On September 26, 1983, 44 year old Lieutenant Colonel Stanislav Petrov of the Soviet Air Defense Forces was on duty at the secret command center outside Moscow monitoring early warning satellites over the United States. Alarms sounded warning of a launch of five Minuteman intercontinental ballistic missiles from an American base.

Three weeks earlier the Soviets had shot down a commercial Korean Airlines flight that had crossed Soviet airspace killing 269 people on board. President Reagan had called the Soviet Union an “evil empire” and Soviet President Yuri Andropov feared an American attack.

Petrov’s order was to report incoming missiles to his superiors. He disobeyed the order, violating Soviet military protocol. In his gut, he believed it was a false alarm. He was right. No missiles were approaching the Soviet Union, a false alarm had been created by “a rare alignment of sunlight on high altitude above North Dakota and the Molniya of the satellites” (Wikipedia).

Stanislav Petrov came to be known as the one man who “single-handedly saved the world from nuclear war.” Mr. Petrov died on May 19, 2017 at the age of 77 in Fryazino, a Moscow suburb where he lived alone.

This past Monday, May 6, the United Nations issued a report warning that “human exploitation of the natural world has pushed a million plant and animal species to the brink of extinction—with potentially devastating implications for the future of civilization.”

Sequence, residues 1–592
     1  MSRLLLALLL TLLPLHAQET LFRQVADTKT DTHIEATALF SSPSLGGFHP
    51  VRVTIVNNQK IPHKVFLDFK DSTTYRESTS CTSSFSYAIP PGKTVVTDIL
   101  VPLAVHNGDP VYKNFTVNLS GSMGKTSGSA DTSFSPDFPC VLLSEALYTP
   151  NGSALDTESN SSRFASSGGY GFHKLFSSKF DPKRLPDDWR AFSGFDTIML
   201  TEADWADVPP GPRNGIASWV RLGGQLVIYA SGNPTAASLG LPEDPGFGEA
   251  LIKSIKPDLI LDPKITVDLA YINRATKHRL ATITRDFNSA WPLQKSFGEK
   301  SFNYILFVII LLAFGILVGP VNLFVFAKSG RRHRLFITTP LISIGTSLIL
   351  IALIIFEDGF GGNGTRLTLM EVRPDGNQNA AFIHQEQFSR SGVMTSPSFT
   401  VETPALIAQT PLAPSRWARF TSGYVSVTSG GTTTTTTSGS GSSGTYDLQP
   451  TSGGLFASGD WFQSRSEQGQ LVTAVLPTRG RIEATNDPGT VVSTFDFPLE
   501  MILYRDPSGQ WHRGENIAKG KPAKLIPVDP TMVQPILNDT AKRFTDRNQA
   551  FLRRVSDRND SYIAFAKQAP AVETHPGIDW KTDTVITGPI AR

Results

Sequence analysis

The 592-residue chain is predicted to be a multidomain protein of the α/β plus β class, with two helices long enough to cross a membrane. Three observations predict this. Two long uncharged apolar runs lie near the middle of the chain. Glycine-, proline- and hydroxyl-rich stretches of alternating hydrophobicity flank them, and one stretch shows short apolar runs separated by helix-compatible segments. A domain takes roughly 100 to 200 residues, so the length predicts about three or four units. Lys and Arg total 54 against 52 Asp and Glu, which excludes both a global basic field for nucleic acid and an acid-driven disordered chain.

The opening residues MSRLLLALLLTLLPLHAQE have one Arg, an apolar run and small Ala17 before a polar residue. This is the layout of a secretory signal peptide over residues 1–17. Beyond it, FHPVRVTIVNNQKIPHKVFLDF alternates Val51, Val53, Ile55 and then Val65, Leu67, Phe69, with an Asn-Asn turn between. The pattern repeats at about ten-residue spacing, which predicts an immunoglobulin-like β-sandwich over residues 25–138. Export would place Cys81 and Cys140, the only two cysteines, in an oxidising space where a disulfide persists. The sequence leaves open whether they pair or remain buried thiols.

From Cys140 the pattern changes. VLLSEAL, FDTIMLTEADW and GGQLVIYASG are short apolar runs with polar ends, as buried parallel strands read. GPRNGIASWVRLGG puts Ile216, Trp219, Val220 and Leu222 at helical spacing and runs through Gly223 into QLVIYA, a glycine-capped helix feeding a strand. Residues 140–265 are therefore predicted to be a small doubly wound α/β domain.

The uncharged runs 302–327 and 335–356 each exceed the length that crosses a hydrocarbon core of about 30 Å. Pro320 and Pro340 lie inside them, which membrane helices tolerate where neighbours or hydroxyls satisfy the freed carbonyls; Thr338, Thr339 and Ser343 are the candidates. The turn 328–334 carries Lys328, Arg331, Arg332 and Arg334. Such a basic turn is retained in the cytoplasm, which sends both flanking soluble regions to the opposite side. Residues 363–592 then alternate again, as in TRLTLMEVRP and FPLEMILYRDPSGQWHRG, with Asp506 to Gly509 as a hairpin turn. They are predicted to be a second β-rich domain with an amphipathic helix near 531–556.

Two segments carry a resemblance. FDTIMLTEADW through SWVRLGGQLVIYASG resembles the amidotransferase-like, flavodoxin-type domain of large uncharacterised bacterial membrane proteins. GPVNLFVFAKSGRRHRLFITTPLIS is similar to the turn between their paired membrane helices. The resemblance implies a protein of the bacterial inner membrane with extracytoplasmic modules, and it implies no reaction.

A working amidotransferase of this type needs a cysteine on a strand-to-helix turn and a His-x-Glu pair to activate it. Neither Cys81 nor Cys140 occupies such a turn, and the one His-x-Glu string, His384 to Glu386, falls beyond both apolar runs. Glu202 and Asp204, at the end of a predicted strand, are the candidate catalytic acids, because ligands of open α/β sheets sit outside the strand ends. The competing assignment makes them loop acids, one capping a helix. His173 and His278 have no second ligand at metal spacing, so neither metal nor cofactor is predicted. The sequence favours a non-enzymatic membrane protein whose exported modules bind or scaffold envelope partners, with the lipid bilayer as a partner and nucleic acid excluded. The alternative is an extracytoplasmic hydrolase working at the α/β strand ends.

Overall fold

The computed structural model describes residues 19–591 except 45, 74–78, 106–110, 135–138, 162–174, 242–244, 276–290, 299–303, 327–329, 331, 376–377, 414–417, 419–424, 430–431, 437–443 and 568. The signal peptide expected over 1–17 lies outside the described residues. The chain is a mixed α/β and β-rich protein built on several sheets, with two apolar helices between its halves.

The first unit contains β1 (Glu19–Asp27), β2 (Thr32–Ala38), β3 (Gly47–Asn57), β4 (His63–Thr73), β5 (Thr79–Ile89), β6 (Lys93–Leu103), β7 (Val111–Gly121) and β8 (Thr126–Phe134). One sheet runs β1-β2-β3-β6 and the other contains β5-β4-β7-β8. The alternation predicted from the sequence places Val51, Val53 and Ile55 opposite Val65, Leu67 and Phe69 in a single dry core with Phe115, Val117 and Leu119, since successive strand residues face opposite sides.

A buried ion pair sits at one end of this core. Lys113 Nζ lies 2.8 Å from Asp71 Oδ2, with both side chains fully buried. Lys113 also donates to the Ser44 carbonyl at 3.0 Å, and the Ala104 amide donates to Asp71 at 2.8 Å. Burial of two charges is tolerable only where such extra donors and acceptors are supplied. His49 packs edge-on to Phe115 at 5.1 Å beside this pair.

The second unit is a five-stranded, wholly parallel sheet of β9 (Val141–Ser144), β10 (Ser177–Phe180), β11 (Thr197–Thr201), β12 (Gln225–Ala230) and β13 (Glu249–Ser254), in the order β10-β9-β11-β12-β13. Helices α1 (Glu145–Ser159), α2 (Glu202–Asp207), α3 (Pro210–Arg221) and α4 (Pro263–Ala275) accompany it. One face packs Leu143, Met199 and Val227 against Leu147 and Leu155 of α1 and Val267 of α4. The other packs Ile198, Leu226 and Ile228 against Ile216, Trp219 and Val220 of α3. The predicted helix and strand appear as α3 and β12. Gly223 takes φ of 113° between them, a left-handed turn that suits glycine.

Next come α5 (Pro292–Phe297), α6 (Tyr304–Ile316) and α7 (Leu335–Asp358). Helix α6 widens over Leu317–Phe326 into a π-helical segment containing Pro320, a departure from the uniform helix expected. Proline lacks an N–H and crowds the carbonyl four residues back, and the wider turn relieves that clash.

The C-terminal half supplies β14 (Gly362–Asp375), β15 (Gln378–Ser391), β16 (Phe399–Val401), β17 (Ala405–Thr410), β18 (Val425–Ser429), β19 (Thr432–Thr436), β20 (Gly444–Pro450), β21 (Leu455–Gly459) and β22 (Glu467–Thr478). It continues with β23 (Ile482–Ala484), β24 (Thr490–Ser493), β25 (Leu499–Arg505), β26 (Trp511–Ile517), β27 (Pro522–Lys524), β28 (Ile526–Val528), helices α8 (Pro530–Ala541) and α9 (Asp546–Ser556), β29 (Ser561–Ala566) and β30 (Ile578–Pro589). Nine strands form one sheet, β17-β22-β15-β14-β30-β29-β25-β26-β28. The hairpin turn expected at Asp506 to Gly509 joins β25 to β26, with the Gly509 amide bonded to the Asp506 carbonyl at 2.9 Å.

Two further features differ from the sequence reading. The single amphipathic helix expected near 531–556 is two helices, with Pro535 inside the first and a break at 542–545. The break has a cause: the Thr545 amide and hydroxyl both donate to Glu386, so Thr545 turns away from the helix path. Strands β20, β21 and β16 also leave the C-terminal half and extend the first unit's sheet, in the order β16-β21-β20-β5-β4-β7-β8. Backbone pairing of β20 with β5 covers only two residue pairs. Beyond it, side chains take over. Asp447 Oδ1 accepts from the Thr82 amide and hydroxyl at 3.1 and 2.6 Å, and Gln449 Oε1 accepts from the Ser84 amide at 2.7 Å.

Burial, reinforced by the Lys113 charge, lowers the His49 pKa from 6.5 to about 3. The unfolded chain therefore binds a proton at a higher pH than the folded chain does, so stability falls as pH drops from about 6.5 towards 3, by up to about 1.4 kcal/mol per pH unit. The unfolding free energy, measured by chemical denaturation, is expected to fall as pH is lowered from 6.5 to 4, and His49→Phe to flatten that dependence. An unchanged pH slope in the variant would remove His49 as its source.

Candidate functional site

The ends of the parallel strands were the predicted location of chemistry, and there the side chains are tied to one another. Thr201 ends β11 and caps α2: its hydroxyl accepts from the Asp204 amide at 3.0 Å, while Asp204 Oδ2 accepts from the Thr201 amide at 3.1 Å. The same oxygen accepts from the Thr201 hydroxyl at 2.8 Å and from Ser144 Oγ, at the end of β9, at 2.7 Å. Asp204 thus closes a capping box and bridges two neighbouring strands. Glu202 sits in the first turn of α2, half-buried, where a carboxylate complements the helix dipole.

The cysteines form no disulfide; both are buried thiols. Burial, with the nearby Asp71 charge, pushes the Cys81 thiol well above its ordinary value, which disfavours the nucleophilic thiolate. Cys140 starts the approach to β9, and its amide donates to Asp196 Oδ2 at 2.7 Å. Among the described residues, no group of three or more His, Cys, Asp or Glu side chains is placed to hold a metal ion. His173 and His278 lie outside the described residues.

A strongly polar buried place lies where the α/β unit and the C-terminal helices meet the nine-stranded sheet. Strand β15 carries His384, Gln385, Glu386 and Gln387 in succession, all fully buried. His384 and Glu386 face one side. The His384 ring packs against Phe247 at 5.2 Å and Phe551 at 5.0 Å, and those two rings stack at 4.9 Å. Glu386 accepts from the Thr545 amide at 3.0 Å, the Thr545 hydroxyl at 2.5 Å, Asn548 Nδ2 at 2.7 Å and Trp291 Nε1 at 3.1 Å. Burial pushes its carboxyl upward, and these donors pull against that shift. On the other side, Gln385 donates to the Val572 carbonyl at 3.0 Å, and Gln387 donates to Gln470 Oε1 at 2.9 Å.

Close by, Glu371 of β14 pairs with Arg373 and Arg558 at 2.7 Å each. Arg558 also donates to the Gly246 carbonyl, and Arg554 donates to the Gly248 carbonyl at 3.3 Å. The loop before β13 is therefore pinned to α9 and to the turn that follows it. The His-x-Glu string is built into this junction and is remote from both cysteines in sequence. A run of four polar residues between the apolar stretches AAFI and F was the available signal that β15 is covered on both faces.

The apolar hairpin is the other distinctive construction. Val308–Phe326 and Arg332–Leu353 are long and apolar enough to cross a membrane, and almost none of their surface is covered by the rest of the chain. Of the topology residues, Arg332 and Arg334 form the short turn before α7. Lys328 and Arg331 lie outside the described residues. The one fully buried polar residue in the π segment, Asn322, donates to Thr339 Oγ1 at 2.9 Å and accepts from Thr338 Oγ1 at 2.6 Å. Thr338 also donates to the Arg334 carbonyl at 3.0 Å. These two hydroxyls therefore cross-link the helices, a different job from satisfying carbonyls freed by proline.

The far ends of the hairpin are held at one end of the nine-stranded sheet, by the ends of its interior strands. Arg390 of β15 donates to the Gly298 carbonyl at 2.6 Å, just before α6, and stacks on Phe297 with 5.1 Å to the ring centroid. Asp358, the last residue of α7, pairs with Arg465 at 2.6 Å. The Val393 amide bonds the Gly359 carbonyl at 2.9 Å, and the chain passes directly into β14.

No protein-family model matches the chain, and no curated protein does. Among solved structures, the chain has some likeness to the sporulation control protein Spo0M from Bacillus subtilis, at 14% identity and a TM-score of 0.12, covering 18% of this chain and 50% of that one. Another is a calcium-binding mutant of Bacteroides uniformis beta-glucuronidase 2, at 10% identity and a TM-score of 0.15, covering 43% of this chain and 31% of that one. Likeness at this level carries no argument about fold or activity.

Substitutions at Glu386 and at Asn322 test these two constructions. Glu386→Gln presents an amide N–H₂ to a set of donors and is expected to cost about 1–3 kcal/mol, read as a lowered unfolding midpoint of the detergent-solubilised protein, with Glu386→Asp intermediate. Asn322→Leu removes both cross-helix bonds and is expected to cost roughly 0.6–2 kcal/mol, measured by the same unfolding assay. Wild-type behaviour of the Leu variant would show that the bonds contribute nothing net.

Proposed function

Sir Robert Watson, chair of the IPBES, said in a statement, “The health of ecosystems on which we and all other species depend is deteriorating more rapidly than ever. We are eroding the very foundations of our economies, livelihoods, food security, health, and quality of life worldwide.”


It’s tempting for me to ignore the warning. I’m 73, chances are I can blissfully drift my last years away oblivious to an imminent ecological Armageddon. Besides, I’m one person, what can I do.  But then I think of my children and grandchildren, the children in our Sunday School and those youth being confirmed next week who are assuming leadership in our church. I think of promises I make each time a child is baptized to “support and pray for” the newly baptized. And I think of Stanislav Petrov, one individual whose decision in 1983 made a huge difference for me.

I can and must do something.

First I will thank those young activists participating in “Fridays for Future” strikes throughout the world and their “Decarbonizing Revolution.” The protests began in August 2018 when 15 year old Greta Thunberg sat in front of the Swedish parliament every school day for three weeks protesting the lack of action on the climate crisis. The “Fridays for Future” protests she began quickly spread to 148 countries.

“Confusion,” not climate change, is the worst enemy we read on the “Fridays for Future” web site. We have a ‘people’ problem because politicians won’t act until people-pressure forces change. The role of youth, therefore, according to “Fridays for Future”  is to be a “youth action flag bearer” and “educator.”  “Start with your parents. Then your teachers and the principal. Then your councillors (sic) and church leaders. Educate, educate, educate! (www.fridaysforfuture.org) Thank you, Greta, for your leadership.

Next, we will use a “carbon foot print” calculator to learn of necessary lifestyle changes we must make so those who inherit the world we inherited will be able to describe it as described in Genesis: “God saw everything that he had made, and indeed, it was very good” (Genesis 1:31). The challenge to decarbonize is urgent.  As stated on the web site, “It is hard to decarbonize, but decarbonize we must.”